History:Official Style Guideline
|Status: This Page is Glorious History!
The content of this page either is bit-rotted, or has lost its reason to exist due to some new features having been implemented in MusicBrainz, or maybe just described something that never made it in (or made it in a different way), or possibly is meant to store information and memories about our Glorious Past. We still keep this page to honor the brave editors who, during the prehistoric times (prehistoric for you, newcomer!), struggled hard to build a better present and dreamed of an even better future. We also keep it for archival purposes because possibly it still contains crazy thoughts and ideas that may be reused someday. If you're not into looking at either the past or the future, you should just disregard entirely this page content and look for an up to date documentation page elsewhere.
The following style guidelines outline how the data in MusicBrainz should be formatted and organized. If you would like to participate in the editing process, please take a moment to review these guidelines. If you require further assistance take a look at the users mailing list.
Please do not change the guidelines on your own. If you have an idea for new a style guideline, or would like to suggest changes to an existing style guideline, please send a proposal to the Style Council.
About the style guidelines
There are currently two places to find these guidelines (for more information on the transclusion mechanism see WikiDocs):
- On the MusicBrainz website at http://musicbrainz.org/doc/Official_Style_Guideline
- This version of the official style guidelines is to be used when editing the database.
- On the MusicBrainz wiki at http://wiki.musicbrainz.org/Official_Style_Guideline
- This version of the official style guidelines may differ from the above and include modifications or revisions that have not been made official yet.
It's important to know that these are guidelines, not strict rules. The style principles explain when guidelines should be applied and when they should not. There are also officially sanctioned exceptions to the style guidelines.
The following guidelines apply to the ReleaseTitle field:
- Disc number style
- Indicate disc numbers like this: "Main title (disc 2)".
- If each disc has an extra title do it like this: "Main title (disc 2: Disc title)".
- For bonus discs add " (bonus disc)" to the end.
- Individual singles released with a disc number appended to the title should be standardised as "Main title (disc 2)".
- Series number style
- Volume numbers are special: append them with a comma like this: "Main title, Volume number". See volume number style for specific details.
- Box set name style
- Box sets are done like this: "(box 5, disc 2)".
- Live bootleg style
- Bootlegs should be labelled like this: "2000-10-22: Las Vegas, NV, USA".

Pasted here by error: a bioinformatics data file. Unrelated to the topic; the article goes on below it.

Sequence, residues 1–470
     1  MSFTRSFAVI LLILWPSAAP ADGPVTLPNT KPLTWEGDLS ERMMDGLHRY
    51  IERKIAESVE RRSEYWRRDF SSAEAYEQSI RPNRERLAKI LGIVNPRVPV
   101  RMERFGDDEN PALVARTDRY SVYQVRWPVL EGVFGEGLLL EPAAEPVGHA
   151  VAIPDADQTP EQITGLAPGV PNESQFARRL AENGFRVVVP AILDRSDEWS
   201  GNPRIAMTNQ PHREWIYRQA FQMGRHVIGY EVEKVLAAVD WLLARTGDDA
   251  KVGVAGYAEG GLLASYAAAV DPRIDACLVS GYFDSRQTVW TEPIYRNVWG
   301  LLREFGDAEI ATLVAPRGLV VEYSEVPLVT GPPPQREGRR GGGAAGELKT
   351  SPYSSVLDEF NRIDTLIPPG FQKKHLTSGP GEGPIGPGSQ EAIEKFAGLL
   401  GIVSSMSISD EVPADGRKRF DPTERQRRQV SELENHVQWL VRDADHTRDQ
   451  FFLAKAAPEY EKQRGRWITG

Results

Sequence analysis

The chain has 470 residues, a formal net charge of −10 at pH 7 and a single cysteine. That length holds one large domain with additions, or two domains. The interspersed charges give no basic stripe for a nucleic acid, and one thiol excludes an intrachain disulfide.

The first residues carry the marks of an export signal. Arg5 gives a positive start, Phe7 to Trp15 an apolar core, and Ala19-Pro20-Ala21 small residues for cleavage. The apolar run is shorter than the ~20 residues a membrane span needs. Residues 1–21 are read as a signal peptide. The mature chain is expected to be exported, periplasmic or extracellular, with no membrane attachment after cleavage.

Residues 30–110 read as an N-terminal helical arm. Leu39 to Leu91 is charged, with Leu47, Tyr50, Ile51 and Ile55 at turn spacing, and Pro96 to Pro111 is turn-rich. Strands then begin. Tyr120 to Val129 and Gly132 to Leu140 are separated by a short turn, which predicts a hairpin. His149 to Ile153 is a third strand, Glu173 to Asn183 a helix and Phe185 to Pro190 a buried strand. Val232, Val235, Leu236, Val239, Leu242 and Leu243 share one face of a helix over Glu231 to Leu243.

- Multiple title style
- Multiple releases on one disc and multiple songs on one track are separated by " / ". Yes, that's space, forward slash, space.
- EP style
- If the word "EP" or "E.P." is part of a title, it should be retained.
- Versus style
- About the uses of "versus" and how we deal with them.
- Remix style
- How we deal with remixes and other versions of tracks (such as demo versions, etc).
- Untitled track style
- Untitled tracks are named "[untitled]".
- Silence tracks are named "[silence]".
- Unknown tracks are named "[unknown]".
- Series number style
- Part numbers are special, append them with a comma like this: "Title, part number". See part number style for specific details.
- Extra title information style
- This is a list of information that should be omitted or included in release titles and track titles.
- Featuring artist style
- When two artists collaborate, file the track under the primary artist, and append the name of the secondary artist to the track title like this "(feat. Everlast)".
- Release artist style
- This covers when to use one primary artist and when to use various artists as release artist for a release. Note that the classical release artist style spells out different rules for classical music.
- Special purpose artists
- Several special artist listings ([anonymous], [data], [dialogue], [no artist], [unknown], and Various Artists) are approved for use when the artist is unknown, dialogue, nature sounds, data, etc. See this guideline for details on these artists.
- Capitalization standard
- Discusses how titles should be capitalized in various languages.
- Classical style guide
- Discusses how details relating to classical music should be stored (also can be applied to musicals). More specific details on classical release artist style.
- Miscellaneous guidelines
- Covers the little guidelines that aren't worthy of a whole wiki page all to themselves.
- Abbreviation style
- Discusses our policy on abbreviations.
Release attributes define the type and status of an audio release and provide information about the contents of the release. Release attributes should apply to most of the tracks on the release. It's OK to have a couple of tracks that do not fit the release attribute, as long as the attribute applies to the release overall.
- Release type
- A release can be set to one of the following release types: Album, Single, EP, Compilation, Soundtrack, Spokenword, Interview, Audiobook, Live, Remix, or Other. See release attribute for a short summary and release type for details.